Today’s Prayer: Death is Only a Horizon

By Bede Jarrett

We give them back to you, O Lord,
who first gave them to us;
and as you did not lose them in the giving,
so we do not lose them in the return.

Not as the world gives do you give,
O Lover of souls.

For what is yours is ours also,
if we belong to you.

Life is unending because love is undying,
and the boundaries of this life are but an horizon,
and an horizon is but the limit of our vision.

Lift us up, Strong Son of God,
that we may see further.

Strengthen our faith that we may see beyond the horizon.

And while you prepare a place for us,
as you have promised,
prepare us also for that happy place;
that where you are we may be also,
with those we have loved, forever.

Today’s Reflection: Naming It and Owning It

By Rev. Leo Almazán

What is going on? No, I mean it. What is happening?  OK, let me try again: Are you having a hard time? Have you cried lately –  more than usual, I mean?

This new reality, this new normal, has caught all of us by surprise. We have not had a chance to adjust, to process, to even properly react.

Now, we must stay locked up, isolated from our families and friends. So much has changed in such a little time and yet, so much is till up in the air. And what makes it even worse is that we are not even sure when this all will be over. Will it ever be over?

It surely feels like not right now.

According to a recent article in the Harvard Business Review, what you and I are experiencing, is grief. Yes. Grief. And not only one, but two types of grief. Let me explain.

On the one hand, we are experiencing collective grief. Have you had any of the following thoughts: “The world has changed.” “While this is temporary, it doesn’t feel that way.” “We have lost all sense of normalcy.”

On the other hand, we are experiencing anticipatory grief, which is closely related to the former and driven by anxiety and stress. Questions such as “Will things ever go back to normal? Will the economy ever recover? Are we ever going to see each other or to get together again?” give way to more fear, more uncertainty, and make us believe that our future will be darker than what it may truly be.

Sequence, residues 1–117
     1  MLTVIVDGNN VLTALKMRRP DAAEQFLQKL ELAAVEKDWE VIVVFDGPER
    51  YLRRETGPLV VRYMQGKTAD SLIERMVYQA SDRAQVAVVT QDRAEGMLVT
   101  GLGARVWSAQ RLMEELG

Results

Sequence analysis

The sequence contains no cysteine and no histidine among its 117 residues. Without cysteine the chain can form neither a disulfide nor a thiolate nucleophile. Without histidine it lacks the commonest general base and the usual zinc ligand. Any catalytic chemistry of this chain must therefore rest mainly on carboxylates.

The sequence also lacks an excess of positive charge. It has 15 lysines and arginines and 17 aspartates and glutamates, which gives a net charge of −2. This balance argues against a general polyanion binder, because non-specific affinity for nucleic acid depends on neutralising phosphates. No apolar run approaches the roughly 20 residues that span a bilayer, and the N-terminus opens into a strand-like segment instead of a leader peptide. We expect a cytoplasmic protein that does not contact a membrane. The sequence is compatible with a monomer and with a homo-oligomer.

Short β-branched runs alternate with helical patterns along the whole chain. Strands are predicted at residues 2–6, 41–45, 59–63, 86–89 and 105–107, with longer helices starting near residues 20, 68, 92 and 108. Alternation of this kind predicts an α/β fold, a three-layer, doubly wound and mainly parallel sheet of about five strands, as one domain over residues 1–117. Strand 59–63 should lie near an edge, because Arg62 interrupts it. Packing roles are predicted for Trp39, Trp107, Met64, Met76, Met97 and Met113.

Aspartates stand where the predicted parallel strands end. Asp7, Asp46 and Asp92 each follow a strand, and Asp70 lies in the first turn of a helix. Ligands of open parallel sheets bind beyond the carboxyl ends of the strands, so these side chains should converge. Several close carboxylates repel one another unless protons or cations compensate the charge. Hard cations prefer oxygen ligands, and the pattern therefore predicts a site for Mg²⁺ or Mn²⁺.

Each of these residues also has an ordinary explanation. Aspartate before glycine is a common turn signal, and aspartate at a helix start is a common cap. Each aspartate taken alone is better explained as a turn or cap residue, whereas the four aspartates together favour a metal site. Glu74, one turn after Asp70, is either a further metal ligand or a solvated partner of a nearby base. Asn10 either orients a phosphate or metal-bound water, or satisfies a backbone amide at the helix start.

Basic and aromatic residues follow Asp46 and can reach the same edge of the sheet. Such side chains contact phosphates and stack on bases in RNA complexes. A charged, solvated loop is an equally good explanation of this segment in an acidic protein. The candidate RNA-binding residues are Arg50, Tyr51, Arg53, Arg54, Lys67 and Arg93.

To make matters worse, we need to keep in mind that both kinds of grief are being experienced at the micro (individual) and the macro (collective) levels simultaneously. What can we do?

Generally speaking, we need to understand, and accept that we are going through non-linear stages of grief, namely,

  • Denial: “This virus won’t affect me/us.”
  • Anger: “They’re making me stay home and taking away my activities.” “They cannot tell me what to do!”
  • Bargaining: “Fine! If I social distance for two weeks everything will be OK, right?”
  • Sadness: “I don’t know if/when/how this will end.”
  • Acceptance: “This is happening; I have to figure out how to proceed.”

Acceptance is where the power lies because we find control in acceptance.

  • I can wash my hands.
  • I can keep a safe distance.
  • I can learn how to work virtually.

Acceptance also signals the moment in which each individual commits to do any and all of the following things to stay strong, safe, and healthy.

  • I will not deny it; instead, I will find balance in the things I am thinking: “I will move away from the future and back into the present.”
  • I will breathe deeply and slowly and find a mantra (“peace” or “love”) to calm me down: I will repeat this exercise as often as needed to keep myself grounded.
  • I will pray. I will talk to God about my anger, my sadness, my fears and I will entrust into his loving and caring hands everything I cannot control. I will trust that, with God’s help, this is survivable, that we will survive.
  • I will meditate on the wonders of today and I will stay mindfully in the present. I will declare, “In this moment, we are okay. We have food. We are not sick. We are washing our hands. We are staying inside.”
  • I will be compassionate and patient, understanding that fear and anxiety change the way I and all those around me react. During the most difficult moments, I will repeat to myself, “That is not like her/him; that is just how s/he is dealing with this. I am seeing/dealing with her/his fear and anxiety.” 
  • I will keep trying, again and again and for as long as it takes, to deal with this crisis in a healthy way. I will not fight my feelings, label or judge them. Instead, I will own them and allow them to empower my response.
  • Over all, I will let myself feel the grief and I will keep going.

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